Jerry Narron was a 23-year-old rookie catcher for the New York Yankees on Aug. 3, 1979, the day after Thurman Munson, the team's beloved captain, died as a result of a plane crash while piloting his own Cessna.
Narron described playing the day after Munson's death as both tragic and surreal, and had little to offer Doughty in the way of advice except to remember, above all, a family's loss. "Sean Taylor's family first, the Redskins second and yourself third, that's what I would say," Narron said in a telephone interview last week from his home in North Carolina. "I just remember seeing Thurman's family and feeling so bad for them."
In 1979, Narron took Munson's spot at catcher the afternoon after his death, but not before the Yankees paid tribute in a pregame ceremony. The starters stood at their defensive positions, but the catcher's box was left empty. After the organ stopped, a crescendo of 51,000-plus fans applauding for 10 minutes was the only noise heard at Yankee Stadium.
"I remember standing there with Yogi Berra and Elston Howard and everybody saying this would probably be a three-, four-minute thing," Narron said. "It kept going and going. You couldn't help but get emotional. I just remember I was going to do my job and honor him and try to play the game the same way Thurman played."
Narron added: "To play that day, it was hard for me but it would have been hard for anybody. Thurman was the leader. Everybody looked up to him. It was such a loss. After hearing everything, so was Sean Taylor."
Washington Nationals right-hander Jason Simontacchi was with St. Louis when Cardinals pitcher Darryl Kile died of a heart attack June 22, 2002, in his hotel room in Chicago.
The team's game that Saturday afternoon at Wrigley Field was canceled. Simontacchi was supposed to pitch on Saturday and Kile on Sunday night, a national ESPN game. With the cancellation, Simontacchi, a rookie who was 5-0 at the time, was moved into Kile's spot. He lasted only four innings and gave up four runs in a Cardinals loss.
"I don't remember much, if anything, about the game," Simontacchi said. "I do remember walking out to the bullpen down the right field line. I remember saying to [pitching coach Dave] Duncan, 'This is unreal.' I don't know how to explain it. You just lost a member of your family, and you just got to step up and play. There was nothing going on in the stands. There wasn't the normal chatter. It was like, 'What is this? What's going on?' You're just in disbelief."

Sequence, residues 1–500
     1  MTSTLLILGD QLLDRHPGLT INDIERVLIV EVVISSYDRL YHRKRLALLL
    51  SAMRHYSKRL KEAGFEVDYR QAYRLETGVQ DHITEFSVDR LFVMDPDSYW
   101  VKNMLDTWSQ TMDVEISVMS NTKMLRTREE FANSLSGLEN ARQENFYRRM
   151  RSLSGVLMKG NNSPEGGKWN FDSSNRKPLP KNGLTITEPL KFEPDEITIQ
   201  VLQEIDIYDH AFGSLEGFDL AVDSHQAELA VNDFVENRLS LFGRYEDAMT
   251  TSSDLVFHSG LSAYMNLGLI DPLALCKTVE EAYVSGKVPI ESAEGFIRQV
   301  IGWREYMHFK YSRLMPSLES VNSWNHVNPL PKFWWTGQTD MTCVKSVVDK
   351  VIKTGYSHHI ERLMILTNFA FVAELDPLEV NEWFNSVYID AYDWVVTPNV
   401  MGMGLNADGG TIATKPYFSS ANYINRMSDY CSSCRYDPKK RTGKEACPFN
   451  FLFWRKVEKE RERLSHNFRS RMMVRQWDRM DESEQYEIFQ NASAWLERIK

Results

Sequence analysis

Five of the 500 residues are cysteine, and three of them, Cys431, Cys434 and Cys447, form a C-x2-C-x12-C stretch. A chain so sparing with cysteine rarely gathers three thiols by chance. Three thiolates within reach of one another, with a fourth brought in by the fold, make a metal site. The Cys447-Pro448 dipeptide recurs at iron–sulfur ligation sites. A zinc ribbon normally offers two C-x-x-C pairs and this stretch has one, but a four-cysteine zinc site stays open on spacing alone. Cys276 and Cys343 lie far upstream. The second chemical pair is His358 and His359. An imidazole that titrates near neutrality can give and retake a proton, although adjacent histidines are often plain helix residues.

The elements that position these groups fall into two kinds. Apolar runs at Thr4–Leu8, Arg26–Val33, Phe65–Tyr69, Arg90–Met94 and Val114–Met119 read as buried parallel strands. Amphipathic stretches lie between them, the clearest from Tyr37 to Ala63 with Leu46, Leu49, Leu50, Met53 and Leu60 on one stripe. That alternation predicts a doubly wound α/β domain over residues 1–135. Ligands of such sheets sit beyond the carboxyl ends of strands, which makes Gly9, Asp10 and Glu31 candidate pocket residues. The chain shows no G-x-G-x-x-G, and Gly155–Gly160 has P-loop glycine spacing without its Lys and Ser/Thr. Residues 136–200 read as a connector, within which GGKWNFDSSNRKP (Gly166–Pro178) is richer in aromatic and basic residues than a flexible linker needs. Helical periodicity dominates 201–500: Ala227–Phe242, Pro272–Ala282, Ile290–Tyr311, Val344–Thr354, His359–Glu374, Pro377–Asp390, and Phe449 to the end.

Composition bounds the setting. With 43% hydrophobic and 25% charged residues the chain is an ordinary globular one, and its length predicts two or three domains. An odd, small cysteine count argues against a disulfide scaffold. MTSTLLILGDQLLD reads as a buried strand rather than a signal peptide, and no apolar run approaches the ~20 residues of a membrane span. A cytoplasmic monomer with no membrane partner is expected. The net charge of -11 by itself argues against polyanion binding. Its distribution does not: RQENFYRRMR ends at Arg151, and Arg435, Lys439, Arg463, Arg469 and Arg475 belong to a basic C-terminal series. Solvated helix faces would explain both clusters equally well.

Doughty doesn't quite know what to expect this afternoon. He said he last spoke with Taylor on the Friday after Thanksgiving.
"It wasn't so much X's and O's, but just a lot of support," he said. "When I wasn't starting and I wasn't getting in there, he's like, 'Somebody gets hurt or something else, you just got to [play hard], you know, have fun.' The message was, When I get in there, don't be fearful or anxious or anything like that."
"Right before we left for Tampa, he gave me a handshake and said . . . 'Have fun. Make a name for yourself.' "
He paused, swallowed hard and tried his best not to break down in tears like he had often that week. "It's hard, but I guess that's just how life is sometimes," he said.
There will be moments when Doughty will be alone in the defensive backfield, the weight of his assignment on a certain play in front of him and the death of his talented teammate behind him. And in those moments, there is no getting around the reality of the day: Grief trumps the game.
"It's one of these things, that, I don't feel like I'm replacing him on the football field," Doughty said. "I feel like I'm playing free safety. I feel like he was more than that on the field."
"I don't feel like I'm ever going to replace him," he added. "Sometimes Sean would do his job and somebody else's. That's probably not going to be my role. I'm going to try and give this community and these fans a chance to win every ballgame. But I'm not Sean Taylor."
Staff writer Barry Svrluga contributed to this report.